Doucet's Return Proves Big

A gain of two. A loss of one. After coming out of the locker room down by 10 for the third quarter, LSU was facing a third-and-nine after two straight running plays on which Jacob Hester had yielded a single yard.

Following a first half where the Tigers offense looked mediocre, LSU was in serious trouble. Less than a minute had run off of the clock in the second half, and the Tigers were in danger of having to give the ball back to Auburn.

 

The visitors had already scored 17 points.

 

Potential berths in the SEC Championship Game and the BCS National Championship Game were both in jeopardy. Title hopes, of any sort, were on the verge of fading away.

 

The ball was snapped to Matt Flynn, and he waited…waited…waited….and then launched a pass down the middle of the field. One player in a white jersey, surrounded by three in dark blue leapt high into the air, snagged the ball and held on for an NFL-like reception. The catch was amazing, and if there had been a giant "S" on the receiver's jersey, instead of a No. 9, it would have been appropriate. But it wasn't Superman. It was Early Doucet.

 

"He's a ‘throw it to me;' he doesn't care," LSU Head Coach Les Miles said of Doucet. "‘Throw it to me.' That kind of confidence it's – It also helps us to – When you have young guys standing beside him, and you have block combinations, and he knows exactly what the young guy's supposed to do, it helps them. It helps that young guy confirm his assignment and technique and it really just helps us."

 

Already Doucet had caught his first pass in the game in the second quarter, one that had accounted for no gain. It was his first catch since the Tigers blew out Virginia Tech 48-7, less than a week prior to him pulling up lame at the end of the following Friday's practice with a groin injury. Doucet's second reception proved to be a little bit better, accounting for a 33-yard gain. The catch eventually led to a field goal that cut the Tigers deficit to seven points.

 

"I can't tell you how much faith I have in Early Doucet," Flynn said. "We've been throwing together since we were in high school, you know? So, we have a chemistry together, and they went Cover Two, middle open in the field, and he has a middle read. I saw the guy that was trailing him. Early had a step on him. I just kind of threw it up to the middle, before those safeties could get over there; he made a great play, went up and caught it."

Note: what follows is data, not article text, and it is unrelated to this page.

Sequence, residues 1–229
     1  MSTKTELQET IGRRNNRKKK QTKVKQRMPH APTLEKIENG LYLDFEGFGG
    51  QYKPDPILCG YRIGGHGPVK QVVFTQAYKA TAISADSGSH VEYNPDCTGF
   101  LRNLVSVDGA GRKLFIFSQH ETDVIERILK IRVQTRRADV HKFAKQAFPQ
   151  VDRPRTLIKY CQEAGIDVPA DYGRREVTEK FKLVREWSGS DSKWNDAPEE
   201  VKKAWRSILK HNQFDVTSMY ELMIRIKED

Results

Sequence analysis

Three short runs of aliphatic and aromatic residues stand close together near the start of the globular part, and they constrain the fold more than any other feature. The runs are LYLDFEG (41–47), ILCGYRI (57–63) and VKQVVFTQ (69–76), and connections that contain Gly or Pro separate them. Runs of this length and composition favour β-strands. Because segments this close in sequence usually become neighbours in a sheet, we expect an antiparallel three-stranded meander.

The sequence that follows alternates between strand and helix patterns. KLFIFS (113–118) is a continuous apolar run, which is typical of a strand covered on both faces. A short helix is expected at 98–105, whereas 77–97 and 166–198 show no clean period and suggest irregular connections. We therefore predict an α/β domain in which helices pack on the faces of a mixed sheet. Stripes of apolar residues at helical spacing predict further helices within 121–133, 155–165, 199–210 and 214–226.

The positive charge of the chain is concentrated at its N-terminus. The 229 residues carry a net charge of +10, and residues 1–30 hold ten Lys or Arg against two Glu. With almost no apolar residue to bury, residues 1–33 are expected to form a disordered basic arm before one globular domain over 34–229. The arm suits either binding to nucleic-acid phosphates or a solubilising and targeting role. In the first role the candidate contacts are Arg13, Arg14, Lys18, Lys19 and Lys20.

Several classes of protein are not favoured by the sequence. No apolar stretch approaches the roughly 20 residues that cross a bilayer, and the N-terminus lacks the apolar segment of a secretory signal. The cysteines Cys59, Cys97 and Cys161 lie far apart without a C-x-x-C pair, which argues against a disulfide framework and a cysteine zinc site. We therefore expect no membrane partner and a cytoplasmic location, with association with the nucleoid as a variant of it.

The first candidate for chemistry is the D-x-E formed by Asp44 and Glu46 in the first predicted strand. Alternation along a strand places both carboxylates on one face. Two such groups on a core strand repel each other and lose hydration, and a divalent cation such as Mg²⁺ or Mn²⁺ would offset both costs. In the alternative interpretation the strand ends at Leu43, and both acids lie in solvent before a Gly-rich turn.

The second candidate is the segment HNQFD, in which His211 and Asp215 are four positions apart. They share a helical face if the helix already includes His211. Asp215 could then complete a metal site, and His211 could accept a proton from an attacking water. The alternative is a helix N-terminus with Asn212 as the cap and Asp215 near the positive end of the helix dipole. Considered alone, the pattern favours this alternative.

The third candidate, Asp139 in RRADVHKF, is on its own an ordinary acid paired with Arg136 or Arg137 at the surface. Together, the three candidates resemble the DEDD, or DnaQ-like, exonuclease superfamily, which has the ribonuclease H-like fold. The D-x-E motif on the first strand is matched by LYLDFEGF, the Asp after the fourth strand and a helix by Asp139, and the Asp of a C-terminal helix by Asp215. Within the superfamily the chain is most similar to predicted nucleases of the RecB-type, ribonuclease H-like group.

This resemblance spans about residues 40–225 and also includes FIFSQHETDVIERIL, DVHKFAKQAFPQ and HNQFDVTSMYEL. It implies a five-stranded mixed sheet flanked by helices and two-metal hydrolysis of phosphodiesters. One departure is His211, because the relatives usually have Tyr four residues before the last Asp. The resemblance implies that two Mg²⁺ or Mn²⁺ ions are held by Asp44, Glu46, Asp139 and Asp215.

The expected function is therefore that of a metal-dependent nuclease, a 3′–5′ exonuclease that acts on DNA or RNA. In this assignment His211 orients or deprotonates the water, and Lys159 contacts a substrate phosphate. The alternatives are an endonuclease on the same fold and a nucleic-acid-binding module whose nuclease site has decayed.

Ultimately, Doucet led LSU's receiving corps against Auburn, accounting for 93 yards – a season high – on seven receptions. Doucet's career highs are nine receptions, which came earlier this season against Mississippi State in the season opener, and the 117 yards that he had in the Superdome versus Notre Dame in the Sugar Bowl. 

 

Following a four-game absence, Doucet was back on the field for the last play of the Tigers loss to Kentucky. His presence proved futile.

 

Following that game, Miles stated that the senior wanted to be on the field, that he wanted to get into the contest. But he most certainly wasn't going to be thrown to that night, and it most certainly was one of this year's games where his talents were sorely missed.

 

Flynn's numbers without Doucet in the lineup have suffered due to a rash of dropped balls. Dropped balls were a major contributor to LSU's only loss of the season and, against Auburn, one dropped pass even went so far as to become tipped and bobbled right into the hands of an opponent for an interception. If not for dropped passes last Saturday night, Flynn's career-high of 319 yards passing – the first 300-yard passing game of his career – would have been very close to, if not in excess of, 400 yards. Now, with Doucet hopefully back in the line-up to stay, maybe some more of those 300-plus yard games are possible.

 

For his part, Doucet now has 125 receptions in his LSU career. Once on pace to surpass Wendell Davis' all-time mark of 183 catches, Doucet is tied at ninth on that list with Larry Foster.  Including a guaranteed bowl game, the Tigers have five games remaining in their 2007 season.  Doucet is still 58 receptions away from Davis. He would need to average more than 11 receptions a contest from here on out to catch him. The number drops slightly below 10 if an SEC Championship Game is factored into the mix.

 

Regardless of whether Doucet makes it up the list that high, his place in LSU lore as one of the Tigers all-time greats is cemented. Barring anything unforeseen, he will play on Sundays long after his career in Baton Rouge is over. It's doubtful Davis' mark is at the forefront of his thoughts, and all his teammates are likely thinking is how good it is to look over and see No. 9 on the field, instead of the sidelines.

 

"He's a very smart player," Flynn said. "He gets everyone in the right position, and he made some smart plays today. He made some big plays. He's a great player, and it's nice to have him back."

 

What Doucet does from here on out production-wise is anyone's guess. But for Flynn, having him back will no doubt boost his confidence as a quarterback. He can rest assured he definitely has a sure-handed target. Now is the stretch-run for the Tigers, and a little Early late is better than never.


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